Having spent much of my academic career in radiology exploring the employment market for radiologists, I frequently am asked for my opinion about our future. To do that we should look to the past, keeping in mind that the history of radiology has been a very poor predictor of future challenges or changes.
Collaborators at the American College of Radiology (ACR), many former and present medical students and residents, and I have devoted considerable time since 1998 to analyzing the radiology job market.
In our first publication on the subject in early 2000 (American Journal of Roentgenology, April 2000, Vol. 174: 4, pp. 933-938), we presented our Help-Wanted Index from 1991 through 1998. This index included the number of positions advertised in the AJR and Radiology. Recently, these data were updated (see figure below).
Image from AJR, September 2006, Vol. 187:3, pp. W249-W254, courtesy of ARRS.
Those of us in clinical practice during those years had experienced the robust, strong job market of the early part of the decade. Just as suddenly, many of us saw our trainees struggling to find a suitable position in the midpart of the decade and the future was quite uncertain. By the year 2000, considerable uncertainty still remained, despite the fact that our data were showing a return to strength.
In our most recent article, published in the September issue of AJR (Vol. 187:3, pp. 601-602), we found a downtrend in demand: fewer jobs per job seeker and fewer vacancies per program from 2002 to 2004. In 2005, however, the data suggest another increase in demand and an increased shortage of radiologists.
What do these current trends imply and how can we meet these challenges? While the "shortage" of radiologists may not be severe now (it certainly does not compare to 2000 and 2001), the relative growth in volume of our specialty is not being matched by the growth in personnel.
While true productivity growth may be part of the solution (see "How Could the Radiologist Shortage Have Eased?" AJR, September 2006, Vol. 187:3, pp. W249-W254), I believe that much of this perceived productivity growth is actually a lengthening of our workday and workweek. If that is indeed the case, then we will eventually reach the limit of human capability. We may truly find ourselves in short supply of qualified individuals.
What may occur if we do not meet the growing needs of our specialty? First and foremost, our patients may suffer. If we cannot interpret every image or find ourselves interpreting at a pace that is suboptimal, then clinical care may be sacrificed. Furthermore, if we cede control of certain imaging to our lesser-trained clinical colleagues, patient care may also be hurt.
Second, our specialty itself may suffer as further inroads by our clinical colleagues take on speed and momentum, leaving us with a smaller portfolio. We have already seen gynecology and cardiology colleagues take control of certain areas of imaging and intervention. If this were to continue, we could find ourselves representing a small and dwindling percentage of total imaging.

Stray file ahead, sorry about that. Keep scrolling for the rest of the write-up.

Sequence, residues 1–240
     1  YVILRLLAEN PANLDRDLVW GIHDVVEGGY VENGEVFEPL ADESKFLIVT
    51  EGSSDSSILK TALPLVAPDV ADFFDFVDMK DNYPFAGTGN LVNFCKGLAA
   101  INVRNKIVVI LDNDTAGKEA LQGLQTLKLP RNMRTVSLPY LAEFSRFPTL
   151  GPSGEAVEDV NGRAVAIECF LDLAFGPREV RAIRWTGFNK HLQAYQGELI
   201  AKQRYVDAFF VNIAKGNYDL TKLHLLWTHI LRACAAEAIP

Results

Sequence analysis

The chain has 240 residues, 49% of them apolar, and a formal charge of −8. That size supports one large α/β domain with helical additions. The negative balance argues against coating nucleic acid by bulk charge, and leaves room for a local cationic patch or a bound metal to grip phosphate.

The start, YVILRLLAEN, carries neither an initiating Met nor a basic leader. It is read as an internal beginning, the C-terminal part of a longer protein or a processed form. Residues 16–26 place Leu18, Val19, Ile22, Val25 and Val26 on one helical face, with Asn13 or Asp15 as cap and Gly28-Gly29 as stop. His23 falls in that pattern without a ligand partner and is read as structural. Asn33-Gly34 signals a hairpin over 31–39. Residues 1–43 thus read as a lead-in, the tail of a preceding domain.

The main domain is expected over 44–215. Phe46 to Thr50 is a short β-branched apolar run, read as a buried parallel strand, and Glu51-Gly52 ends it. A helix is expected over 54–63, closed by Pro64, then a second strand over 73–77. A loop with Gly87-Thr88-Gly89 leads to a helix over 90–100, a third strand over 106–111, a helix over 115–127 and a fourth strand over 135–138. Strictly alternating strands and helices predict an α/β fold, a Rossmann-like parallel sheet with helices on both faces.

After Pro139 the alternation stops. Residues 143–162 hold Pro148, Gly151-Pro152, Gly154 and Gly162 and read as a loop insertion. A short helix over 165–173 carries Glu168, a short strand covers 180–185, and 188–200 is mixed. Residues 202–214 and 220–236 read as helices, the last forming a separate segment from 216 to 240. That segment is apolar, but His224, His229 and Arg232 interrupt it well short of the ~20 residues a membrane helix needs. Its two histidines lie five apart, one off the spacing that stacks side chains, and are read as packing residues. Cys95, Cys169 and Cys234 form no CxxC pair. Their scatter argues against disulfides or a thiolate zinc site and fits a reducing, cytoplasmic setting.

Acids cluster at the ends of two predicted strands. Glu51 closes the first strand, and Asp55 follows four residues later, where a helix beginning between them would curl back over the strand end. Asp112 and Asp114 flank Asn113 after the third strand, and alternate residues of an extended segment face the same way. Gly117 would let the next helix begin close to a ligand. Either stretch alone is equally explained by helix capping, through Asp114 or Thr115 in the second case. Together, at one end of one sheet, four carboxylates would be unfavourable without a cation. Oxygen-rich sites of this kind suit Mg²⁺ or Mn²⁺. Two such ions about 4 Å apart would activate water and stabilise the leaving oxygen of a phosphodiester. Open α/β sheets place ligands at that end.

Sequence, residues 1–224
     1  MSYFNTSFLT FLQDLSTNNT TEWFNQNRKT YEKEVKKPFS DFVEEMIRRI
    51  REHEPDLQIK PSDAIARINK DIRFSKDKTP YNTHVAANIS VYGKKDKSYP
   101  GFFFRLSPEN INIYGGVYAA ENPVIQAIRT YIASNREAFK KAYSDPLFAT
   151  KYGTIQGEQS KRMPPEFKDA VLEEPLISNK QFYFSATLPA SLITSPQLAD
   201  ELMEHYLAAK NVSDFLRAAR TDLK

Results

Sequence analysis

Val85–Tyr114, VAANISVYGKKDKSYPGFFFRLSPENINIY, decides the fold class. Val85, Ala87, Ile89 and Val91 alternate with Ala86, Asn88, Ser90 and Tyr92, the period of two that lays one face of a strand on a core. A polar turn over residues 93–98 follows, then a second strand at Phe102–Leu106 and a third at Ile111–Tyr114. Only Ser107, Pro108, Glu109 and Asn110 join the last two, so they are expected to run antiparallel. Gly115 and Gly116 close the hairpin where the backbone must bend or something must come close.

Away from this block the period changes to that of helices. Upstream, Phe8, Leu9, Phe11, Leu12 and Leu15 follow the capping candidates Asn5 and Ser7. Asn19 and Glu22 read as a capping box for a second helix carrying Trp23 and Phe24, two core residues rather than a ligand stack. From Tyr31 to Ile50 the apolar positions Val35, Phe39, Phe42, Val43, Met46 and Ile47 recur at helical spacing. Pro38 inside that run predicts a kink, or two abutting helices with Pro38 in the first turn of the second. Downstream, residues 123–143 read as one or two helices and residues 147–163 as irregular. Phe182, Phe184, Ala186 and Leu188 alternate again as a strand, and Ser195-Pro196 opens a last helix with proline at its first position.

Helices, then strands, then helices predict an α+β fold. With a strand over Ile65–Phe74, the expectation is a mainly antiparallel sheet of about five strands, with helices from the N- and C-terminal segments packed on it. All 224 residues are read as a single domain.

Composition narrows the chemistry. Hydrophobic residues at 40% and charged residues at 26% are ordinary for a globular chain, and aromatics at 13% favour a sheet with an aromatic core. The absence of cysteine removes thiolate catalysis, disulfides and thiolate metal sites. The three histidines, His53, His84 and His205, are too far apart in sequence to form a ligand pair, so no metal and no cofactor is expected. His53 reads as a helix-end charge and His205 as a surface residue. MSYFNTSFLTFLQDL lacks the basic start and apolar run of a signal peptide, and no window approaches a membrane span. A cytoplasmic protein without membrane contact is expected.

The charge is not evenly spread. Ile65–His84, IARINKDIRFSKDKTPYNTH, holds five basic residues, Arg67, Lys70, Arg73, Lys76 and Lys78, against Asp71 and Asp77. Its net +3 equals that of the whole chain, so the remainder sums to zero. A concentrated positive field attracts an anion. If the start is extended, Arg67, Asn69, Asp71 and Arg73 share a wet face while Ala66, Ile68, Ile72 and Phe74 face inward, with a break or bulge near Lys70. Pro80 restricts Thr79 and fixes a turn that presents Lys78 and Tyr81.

Where are the solutions to this problem? We must separate our short-term fears of oversupplying radiologists from the longer-term issues of permanently being relegated to a niche specialty. We must train more radiologists, and this requires a concerted effort by the leadership of our major societies and the chairs of academic departments. While the U.S. Centers for Medicare and Medicaid Services may not increase its funding of positions, each individual hospital does have latitude to shift resources to diagnostic radiology. Furthermore, one can make a strong argument that positions funded out of clinical revenues (as opposed to extramurally funded) are self-supporting. In addition, other sources (military, Veterans Affairs, etc.) of funding are available to select institutions and applicants. Thus, there is no structural excuse to limit our growth.
We also must engage the physician associate and radiology assistant communities. Grassroots efforts are working, but are slow in achieving the goal of having these practitioners work with us to meet patient care needs.
Our field faces a multitude of threats: reduced reimbursement, self-referral, radiation safety issues, and a heightened awareness by all payors that we are an important component of healthcare costs. But in the face of our recent growth in demand, our supply is woefully inadequate, leaving us quite vulnerable. While some individuals may appreciate the relative shortage because it results in short-term higher salaries and wages, it may be the proverbial battle success in a lost war. We will have failed as a specialty if we allow a shortage of our own making to lead to our diminution. As it takes at least six years from "match day" to train a radiologist, action must happen soon. It is my opinion that this opportunity should not be allowed to slip away. Please let us know your thoughts.
By Dr. Howard P. Forman
AuntMinnie.com contributing writer
November 23, 2006
Forman is an associate editor of health policy for the American Roentgen Ray Society (ARRS). This article originally appeared in the American Journal of Roentgenology (November 2006, Vol. 187:5, pp. 1147-1148). Reprinted by permission of the ARRS.
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